Math is important for nursing students because it is necessary to correctly measure and administer patient medication. Strong math skills help prevent medical errors by ensuring that patients receive the correct dosage of medication at the correct intervals.
Ratios and proportions are used by nurses to calculate how much medicine a patient should be given based on weight. Even in cases where doctors provide this information with the prescription, nurses must know how to read these ratios to understand the dosage information presented in the prescription.
The U.S. Department of Health & Human Services estimates that approximately 5 percent of patients hospitalized in the U.S. suffer from an adverse drug reaction. Not all of these reactions are preventable; events such as medication side effects and previously unknown allergic reactions cannot be predicted by doctors or nurses.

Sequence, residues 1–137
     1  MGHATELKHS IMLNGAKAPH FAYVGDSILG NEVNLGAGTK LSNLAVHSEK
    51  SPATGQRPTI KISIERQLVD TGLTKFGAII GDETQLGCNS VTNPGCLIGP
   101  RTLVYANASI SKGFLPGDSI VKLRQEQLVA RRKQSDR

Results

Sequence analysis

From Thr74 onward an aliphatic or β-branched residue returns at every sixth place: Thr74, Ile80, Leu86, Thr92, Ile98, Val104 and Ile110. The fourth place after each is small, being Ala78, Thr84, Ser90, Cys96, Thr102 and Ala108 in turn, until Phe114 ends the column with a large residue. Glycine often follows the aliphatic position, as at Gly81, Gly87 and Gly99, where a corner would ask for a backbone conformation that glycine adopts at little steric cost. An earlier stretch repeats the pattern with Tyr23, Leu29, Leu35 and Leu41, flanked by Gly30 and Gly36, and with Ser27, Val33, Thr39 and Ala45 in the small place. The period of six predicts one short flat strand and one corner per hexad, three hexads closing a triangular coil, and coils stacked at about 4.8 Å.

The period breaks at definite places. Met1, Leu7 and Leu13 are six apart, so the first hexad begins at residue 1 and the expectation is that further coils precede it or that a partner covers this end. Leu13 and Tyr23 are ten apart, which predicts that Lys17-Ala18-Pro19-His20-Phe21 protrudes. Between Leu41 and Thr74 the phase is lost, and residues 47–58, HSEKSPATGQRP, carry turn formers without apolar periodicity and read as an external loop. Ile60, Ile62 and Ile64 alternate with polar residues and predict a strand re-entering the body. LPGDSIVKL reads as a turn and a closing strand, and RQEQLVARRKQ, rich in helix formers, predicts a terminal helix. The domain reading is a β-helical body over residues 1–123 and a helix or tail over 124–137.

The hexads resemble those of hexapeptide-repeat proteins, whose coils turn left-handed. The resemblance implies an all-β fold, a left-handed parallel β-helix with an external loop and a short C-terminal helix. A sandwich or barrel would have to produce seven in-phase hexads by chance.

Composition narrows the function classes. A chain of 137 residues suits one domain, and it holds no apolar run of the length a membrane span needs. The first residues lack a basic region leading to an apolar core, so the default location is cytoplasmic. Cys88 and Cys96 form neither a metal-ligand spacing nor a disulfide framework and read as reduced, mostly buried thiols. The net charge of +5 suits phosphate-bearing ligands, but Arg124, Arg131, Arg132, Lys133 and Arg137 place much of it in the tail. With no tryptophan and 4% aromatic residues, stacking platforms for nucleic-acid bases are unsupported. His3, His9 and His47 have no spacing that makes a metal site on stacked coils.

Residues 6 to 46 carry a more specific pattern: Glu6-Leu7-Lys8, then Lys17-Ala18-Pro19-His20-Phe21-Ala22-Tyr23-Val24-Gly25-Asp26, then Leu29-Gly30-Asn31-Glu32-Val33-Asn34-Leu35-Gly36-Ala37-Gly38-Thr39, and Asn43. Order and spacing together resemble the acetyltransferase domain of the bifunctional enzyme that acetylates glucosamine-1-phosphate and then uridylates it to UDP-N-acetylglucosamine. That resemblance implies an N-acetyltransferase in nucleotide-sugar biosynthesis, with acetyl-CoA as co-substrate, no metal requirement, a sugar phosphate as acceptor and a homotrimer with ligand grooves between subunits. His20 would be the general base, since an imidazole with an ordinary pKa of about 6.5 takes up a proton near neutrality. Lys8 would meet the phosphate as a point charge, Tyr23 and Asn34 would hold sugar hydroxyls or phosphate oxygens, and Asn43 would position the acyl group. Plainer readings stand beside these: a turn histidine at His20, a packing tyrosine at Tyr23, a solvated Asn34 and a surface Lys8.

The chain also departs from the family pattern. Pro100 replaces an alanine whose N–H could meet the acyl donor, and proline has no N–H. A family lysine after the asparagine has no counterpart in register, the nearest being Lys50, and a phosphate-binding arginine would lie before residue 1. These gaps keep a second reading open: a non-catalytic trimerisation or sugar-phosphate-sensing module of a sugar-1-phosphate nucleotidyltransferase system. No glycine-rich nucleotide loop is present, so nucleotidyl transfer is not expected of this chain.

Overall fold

A medication error is a specific type of adverse drug reaction. Medication errors occur when a doctor, nurse or pharmacist incorrectly prescribes, dispenses or administers medication to a patient. An improper dosage of medicine given to a patient due to a math error made by a nurse would be considered a preventable medication error. Medications that require highly specific weight-based dosage, such as heparin, are at particularly high risk for medication errors.